You can come up with your own questions which reflect the likely interests and situation of the participants, and are relevant to the topic. The questions need to be yes/no questions.

Everyone has their own copy of the handout, and goes around finding someone who can answer ‘yes' to one of the questions. But watch out! They need to find a different name for each box.

You could introduce a competitive element, with a prize for the fasted completed sheet, but this isn't necessary: it's the conversations which matter.

Getting to know you

This icebreaker is particularly suitable when you have a very mixed group who are going to need to work together over a long period of time on something difficult - they need to feel comfortable with each other and connect at a very human level.

When I used it recently, I drew heavily on a set of questions from the On Q pack - you can order this on line.

Each person received a card with a different question and some instructions on it. The questions included things like:

  • What film can you watch over and over again?
  • What sound or noise do you love?
  • How do you waste time?

You can come up with your own questions. They need to be personal but not intrusive.

The instructions invited people, over the break, to find at least three other people and ask them the ‘getting to know you' question.

There was soon a great buzz in the room, as people had a ready made excuse to talk to each other and a question of their own to reply with, overcoming natural reticence and putting people on a more equal footing.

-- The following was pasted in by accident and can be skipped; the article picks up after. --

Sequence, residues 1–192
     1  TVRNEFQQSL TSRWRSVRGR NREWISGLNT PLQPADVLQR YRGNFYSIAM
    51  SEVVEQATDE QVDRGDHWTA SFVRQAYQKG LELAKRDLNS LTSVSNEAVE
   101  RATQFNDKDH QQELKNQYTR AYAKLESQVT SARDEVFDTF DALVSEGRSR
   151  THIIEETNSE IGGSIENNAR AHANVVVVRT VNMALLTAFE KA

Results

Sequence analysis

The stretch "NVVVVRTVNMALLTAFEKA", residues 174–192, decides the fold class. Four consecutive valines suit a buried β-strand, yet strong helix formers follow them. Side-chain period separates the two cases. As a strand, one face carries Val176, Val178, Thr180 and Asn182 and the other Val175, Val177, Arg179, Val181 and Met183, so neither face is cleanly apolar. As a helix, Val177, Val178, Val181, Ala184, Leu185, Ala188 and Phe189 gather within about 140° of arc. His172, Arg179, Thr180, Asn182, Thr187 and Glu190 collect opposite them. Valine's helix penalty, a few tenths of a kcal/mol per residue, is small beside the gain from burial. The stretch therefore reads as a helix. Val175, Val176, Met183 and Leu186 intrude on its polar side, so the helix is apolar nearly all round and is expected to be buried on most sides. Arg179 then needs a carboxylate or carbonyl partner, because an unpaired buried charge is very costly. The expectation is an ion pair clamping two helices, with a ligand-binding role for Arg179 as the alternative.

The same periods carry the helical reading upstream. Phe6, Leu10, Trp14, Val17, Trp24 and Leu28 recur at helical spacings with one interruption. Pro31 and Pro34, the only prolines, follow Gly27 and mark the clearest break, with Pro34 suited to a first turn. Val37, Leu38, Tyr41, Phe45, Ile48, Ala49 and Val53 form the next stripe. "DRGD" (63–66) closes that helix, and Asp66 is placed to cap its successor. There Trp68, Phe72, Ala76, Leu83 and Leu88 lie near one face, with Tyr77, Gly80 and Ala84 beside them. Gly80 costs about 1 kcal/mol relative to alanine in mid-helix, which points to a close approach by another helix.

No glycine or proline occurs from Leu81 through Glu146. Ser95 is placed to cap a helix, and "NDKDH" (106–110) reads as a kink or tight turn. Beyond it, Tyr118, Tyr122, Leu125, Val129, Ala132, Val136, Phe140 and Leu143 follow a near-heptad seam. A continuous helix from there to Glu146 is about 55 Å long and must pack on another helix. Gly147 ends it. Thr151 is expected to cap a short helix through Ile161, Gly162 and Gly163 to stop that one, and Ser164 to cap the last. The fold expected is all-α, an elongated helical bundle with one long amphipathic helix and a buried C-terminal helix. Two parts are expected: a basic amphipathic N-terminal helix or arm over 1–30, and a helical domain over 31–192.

What's the benefit?

Introductions of this kind build up a sense of being part of a group, rather than a collection of delegates from organisations or from opposing factions: this is a useful prelude to decision-making. For example, committees and steering groups are often formed of people from a range of ‘home' stakeholder organisations. They need to gel as a group, so that they can put the needs of the project they are steering ahead of their own organisation's needs. These kinds of ice breakers help induce a cooperative spirit, bringing ‘the whole person' into the room.

With very diverse groups, they help people see both what they have in common, and the different experiences and perspectives which may lead to (valid) differences of view.

What are your favourite icebreakers and introductions exercises?

Figure 1: Example ‘human bingo' handout

Box-scheme bingo: Find someone who can answer yes to these questions, and write their name in the box. You need to find a different name for each box!

Are you a member of the Growing Communities veg bag scheme?

Have you ever "picked your own"?

Did someone give you home-made food as a present last Christmas?

Do you prefer raspberries to strawberries?

Have you met Monty Don?

Do you compost your peelings?

Have you set up a business?

Have you been employed to harvest fruit/veg?

Do you know a great recipe for kale?

Have you ever grown runner beans?

Is there a bike shed at your workplace?

Have you ever eaten Ceylon spinach (it's a climber!)?